Things seen from an outdoor table at Carne Chophouse: a half dozen, howling skateboarders kick-flipping their way down the middle of Seventh Avenue, a man pushing two giant boa constrictors in a baby stroller and a sidewalk preacher ordering a drag queen to “repent of your wicked heart of unbelief” through a bullhorn.
That was all before we’d ordered our entrees.
As part of the Ybor Centro entertainment complex, Carne Chophouse is in a prime location for people-watching on the neighborhood’s eccentric, party-hearty main drag, but walk up the century-old stairs leading inside the expansive steakhouse, and it’s all old-world class.
The restaurant, open since April 2012, is inside the historic El Centro Espaņol de Tampa building, built in 1912 as the clubhouse for a social club for Spanish and Cuban immigrants. Most recently it was the Olivier Restaurant & Cabaret, but it has also been a furniture store and a burlesque club over its 101 years, our server informed us.
Seated in the dining room on a busy Saturday night, you get the feeling the cigar-puffing, dominoes-playing ghosts of Ybor’s past would approve of the lively, modern-day scene.
A musician seated near the entrance plucks at a guitar as you enter the large, open dining room, romantically lit and separated from the bar by a large wine cellar in the center of the room. Above are high, embossed-tin ceilings and below is an intricately tiled floor, charmingly worn out in spots from decades of feet. Colorful paintings by artist Ferdie Pacheco depict scenes of cigar factory workers, trolley cars and the Gasparilla festival. It’s one of the most beautiful dining rooms in the city, and no doubt the loveliest in Ybor.
The dining room is lined with wall-mounted LCD TVs between the huge windows looking out at the Centro courtyard. They let diners follow a ballgame if they want to, but they don’t dominate the space, allowing an atmosphere that’s upscale, yet comfortable and far from pretentious.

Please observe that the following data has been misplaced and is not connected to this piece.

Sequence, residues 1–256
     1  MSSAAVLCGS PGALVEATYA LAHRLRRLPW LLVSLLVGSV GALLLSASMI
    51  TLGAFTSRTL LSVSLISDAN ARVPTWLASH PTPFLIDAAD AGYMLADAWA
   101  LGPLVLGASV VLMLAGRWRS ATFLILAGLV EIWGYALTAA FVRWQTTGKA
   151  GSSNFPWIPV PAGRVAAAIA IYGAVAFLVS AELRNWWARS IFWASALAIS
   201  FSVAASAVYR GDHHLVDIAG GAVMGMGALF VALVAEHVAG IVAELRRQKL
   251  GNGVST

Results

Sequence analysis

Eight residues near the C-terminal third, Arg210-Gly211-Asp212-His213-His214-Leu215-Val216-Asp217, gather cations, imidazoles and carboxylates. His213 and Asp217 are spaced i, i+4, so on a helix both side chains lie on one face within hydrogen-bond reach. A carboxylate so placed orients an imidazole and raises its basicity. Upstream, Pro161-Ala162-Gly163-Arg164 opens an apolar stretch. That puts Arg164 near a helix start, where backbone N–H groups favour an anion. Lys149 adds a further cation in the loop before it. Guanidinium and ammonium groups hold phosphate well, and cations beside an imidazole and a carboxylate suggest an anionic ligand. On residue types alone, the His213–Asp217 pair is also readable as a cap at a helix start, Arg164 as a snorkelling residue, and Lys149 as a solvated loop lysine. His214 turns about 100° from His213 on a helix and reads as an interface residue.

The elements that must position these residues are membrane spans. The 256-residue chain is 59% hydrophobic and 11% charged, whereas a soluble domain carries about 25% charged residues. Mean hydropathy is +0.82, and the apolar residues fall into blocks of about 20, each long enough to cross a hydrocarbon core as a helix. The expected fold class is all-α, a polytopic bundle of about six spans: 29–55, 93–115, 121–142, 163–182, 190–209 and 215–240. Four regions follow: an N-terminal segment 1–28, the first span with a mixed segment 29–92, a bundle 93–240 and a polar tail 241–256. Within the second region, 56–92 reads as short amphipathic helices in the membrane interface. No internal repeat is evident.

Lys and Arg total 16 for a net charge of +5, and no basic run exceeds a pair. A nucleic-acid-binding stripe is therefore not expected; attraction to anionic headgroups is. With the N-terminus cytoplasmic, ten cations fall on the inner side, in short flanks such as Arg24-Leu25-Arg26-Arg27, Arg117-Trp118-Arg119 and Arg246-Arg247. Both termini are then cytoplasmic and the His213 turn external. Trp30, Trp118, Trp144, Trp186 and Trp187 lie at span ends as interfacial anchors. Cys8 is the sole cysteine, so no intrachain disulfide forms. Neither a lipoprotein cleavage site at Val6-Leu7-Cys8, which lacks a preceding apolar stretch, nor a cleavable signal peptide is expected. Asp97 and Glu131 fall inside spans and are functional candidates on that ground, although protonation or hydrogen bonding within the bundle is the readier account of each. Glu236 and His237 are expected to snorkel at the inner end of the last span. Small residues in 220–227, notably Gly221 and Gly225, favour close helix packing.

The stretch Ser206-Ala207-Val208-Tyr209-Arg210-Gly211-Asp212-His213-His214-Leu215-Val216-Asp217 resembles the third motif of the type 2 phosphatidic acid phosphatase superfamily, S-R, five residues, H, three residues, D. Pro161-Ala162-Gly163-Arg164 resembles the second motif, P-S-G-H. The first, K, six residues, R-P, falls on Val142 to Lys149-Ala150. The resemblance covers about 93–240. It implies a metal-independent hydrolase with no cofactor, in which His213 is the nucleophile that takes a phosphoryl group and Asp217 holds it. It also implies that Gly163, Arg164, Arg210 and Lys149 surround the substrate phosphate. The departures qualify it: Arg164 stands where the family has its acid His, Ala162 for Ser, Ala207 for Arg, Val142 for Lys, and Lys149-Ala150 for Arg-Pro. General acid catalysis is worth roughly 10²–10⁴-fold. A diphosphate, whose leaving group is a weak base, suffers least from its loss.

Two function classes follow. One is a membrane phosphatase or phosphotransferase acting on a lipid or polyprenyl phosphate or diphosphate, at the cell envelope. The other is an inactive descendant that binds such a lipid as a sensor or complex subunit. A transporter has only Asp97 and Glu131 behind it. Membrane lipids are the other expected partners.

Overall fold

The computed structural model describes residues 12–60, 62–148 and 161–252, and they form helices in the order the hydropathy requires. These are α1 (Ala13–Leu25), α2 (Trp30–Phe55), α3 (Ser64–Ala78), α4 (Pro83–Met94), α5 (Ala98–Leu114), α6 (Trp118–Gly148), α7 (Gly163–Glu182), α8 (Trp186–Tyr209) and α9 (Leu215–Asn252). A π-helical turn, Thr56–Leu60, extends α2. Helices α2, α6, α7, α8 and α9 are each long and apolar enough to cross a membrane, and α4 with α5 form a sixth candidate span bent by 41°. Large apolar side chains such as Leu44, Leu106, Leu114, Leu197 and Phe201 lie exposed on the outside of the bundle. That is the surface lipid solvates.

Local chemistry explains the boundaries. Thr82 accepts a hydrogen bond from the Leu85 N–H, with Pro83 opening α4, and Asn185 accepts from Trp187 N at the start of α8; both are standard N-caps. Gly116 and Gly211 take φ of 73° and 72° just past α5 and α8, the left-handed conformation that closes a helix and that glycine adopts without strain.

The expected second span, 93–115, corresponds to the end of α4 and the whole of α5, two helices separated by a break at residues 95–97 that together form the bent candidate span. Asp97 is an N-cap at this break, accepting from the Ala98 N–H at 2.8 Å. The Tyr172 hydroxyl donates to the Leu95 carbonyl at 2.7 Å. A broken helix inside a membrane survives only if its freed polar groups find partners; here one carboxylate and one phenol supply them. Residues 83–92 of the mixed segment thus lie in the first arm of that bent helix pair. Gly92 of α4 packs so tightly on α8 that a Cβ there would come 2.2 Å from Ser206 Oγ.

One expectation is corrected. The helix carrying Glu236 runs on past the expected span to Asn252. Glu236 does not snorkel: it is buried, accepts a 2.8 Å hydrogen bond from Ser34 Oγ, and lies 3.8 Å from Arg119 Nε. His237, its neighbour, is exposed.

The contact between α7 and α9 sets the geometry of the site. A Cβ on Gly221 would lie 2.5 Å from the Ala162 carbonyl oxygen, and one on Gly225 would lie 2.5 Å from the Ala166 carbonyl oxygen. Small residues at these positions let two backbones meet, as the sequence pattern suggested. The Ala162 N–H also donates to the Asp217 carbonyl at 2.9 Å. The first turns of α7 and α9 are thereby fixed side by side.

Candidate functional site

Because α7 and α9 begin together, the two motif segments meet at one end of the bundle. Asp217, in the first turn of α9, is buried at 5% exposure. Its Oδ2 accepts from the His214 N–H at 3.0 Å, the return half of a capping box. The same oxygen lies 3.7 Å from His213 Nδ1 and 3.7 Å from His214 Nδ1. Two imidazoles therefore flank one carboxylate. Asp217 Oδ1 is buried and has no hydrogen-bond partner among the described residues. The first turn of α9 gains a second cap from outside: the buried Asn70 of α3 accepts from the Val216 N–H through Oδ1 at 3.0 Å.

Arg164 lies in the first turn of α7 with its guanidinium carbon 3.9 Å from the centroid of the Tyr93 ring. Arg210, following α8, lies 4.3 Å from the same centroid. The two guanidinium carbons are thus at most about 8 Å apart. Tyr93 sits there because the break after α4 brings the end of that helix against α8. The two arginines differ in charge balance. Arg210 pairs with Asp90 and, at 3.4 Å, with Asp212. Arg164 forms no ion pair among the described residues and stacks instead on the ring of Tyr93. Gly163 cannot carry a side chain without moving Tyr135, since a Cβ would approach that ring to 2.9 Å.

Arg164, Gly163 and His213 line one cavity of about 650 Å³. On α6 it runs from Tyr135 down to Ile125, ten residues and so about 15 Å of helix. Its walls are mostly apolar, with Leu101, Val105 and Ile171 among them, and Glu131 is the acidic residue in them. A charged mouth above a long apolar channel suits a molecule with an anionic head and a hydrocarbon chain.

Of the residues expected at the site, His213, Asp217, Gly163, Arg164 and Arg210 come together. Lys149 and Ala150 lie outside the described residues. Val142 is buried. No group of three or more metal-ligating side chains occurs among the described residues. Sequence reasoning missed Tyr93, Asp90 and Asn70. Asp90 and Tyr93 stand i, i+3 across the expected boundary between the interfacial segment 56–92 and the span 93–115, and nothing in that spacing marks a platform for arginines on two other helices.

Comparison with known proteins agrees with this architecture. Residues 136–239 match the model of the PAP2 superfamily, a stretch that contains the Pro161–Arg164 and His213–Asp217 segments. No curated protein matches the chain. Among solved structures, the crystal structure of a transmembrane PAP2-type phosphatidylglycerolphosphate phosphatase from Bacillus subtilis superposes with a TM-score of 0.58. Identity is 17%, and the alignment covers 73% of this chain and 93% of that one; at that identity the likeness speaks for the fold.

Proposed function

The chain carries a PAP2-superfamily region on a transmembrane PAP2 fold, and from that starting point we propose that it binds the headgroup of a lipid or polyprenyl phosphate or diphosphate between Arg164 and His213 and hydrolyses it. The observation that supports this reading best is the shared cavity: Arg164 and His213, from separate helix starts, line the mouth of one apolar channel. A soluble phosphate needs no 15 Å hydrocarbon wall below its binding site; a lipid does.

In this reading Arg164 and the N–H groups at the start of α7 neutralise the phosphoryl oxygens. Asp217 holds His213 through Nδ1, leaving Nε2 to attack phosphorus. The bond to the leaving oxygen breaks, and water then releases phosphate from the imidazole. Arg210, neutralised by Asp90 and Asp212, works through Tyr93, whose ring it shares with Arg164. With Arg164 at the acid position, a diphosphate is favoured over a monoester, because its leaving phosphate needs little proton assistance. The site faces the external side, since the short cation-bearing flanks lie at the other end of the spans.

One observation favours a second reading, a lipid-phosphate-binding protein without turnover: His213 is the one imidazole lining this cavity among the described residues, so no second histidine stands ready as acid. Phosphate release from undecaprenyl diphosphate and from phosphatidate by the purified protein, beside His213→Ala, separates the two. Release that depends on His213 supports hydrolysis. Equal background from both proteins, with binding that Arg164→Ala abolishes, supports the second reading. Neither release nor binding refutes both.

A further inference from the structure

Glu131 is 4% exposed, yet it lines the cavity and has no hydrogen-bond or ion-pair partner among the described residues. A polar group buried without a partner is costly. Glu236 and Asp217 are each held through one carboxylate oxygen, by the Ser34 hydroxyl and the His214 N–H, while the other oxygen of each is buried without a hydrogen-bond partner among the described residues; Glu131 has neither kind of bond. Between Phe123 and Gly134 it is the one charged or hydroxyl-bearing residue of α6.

The menu is much the same. The dishes are unadorned classics, but presented with touches of fine-dining flair.
Red meat, of course, is the main attraction at Carne Chophouse. The menu includes a massive, 18-ounce cowboy ribeye ($30.95) and prime rib ($16.95, or $9.95 before 6:30 p.m.), roasted slow and low, but the most memorable entrees were the nonsteak specialties, particularly the chicken pot pie and the ropa vieja.
The pot pie ($14.95) was large with a crust that had a flaky outermost layer that gave way to a doughier inside. The vegetables still had a fresh snap, and the bottom of the pie was filled with deliciously creamy mashed potatoes. The ropa vieja ($14.95) was exceptionally flavorful, with pork and beef so tender it was cut with a spoon, and a nice, spicy kick. The large portion of white rice helped with the spiciness.
There’s a great selection of starters, all served in generous portions. Our favorite was the cheese fries poutine ($6.95). One order of the crispy Yukon gold fries topped with a runny fried egg, bacon, brown veal gravy and cheddar sauce (in place of the traditional cheese curds) would make a hearty (and messy) meal for two people before, or after, some serious cocktail intake at one of the nearby bars or clubs.
The Carne oyster rockers ($9.95), their version of oysters Rockefeller, made with andouille sausage, smoked corn, and Colby jack cheese, had an intense, savory flavor and a bit of a crunchy crust. The tasty deviled eggs were topped with bacon that tasted fresh and crunchy.
When it came to the aforementioned steaks, our experience was inconsistent. The sirloin au poivre (9-ounce, $16.95) I had on my first visit was really lacking in flavor and crust, and didn’t get much help from the sauce served over it.
The filet mignon (7-ounce, $22.95) I had on a return visit, on the other hand, was flavorful, tender, seasoned right, and seared perfectly on the outside. You’d be hard-pressed to find better for the price. The Parmesan-crusted roma tomato half that’s served with the steaks was super sweet — a nicely done detail.
The Caesar salad, served as an uncut head of romaine, comes with large Parmesan crisps rather than the standard grated cheese, whole anchovy fillets (optional), and pepper-season crouton spears — again, little details — which kicked a standard, pre-entree salad up to something memorable.
For sides, the green bean almondine, sauteed with onion and crisp bacon, was recommended by both of our servers, and didn’t disappoint for fans of garlic, bacon and LOTS of almonds.
If you’re looking to dine in Ybor, Carne Chophouse is a must-try. For a price only slightly more than a chain steakhouse in the vein of Outback or Longhorn, you’ll get a meal that’s vastly more memorable.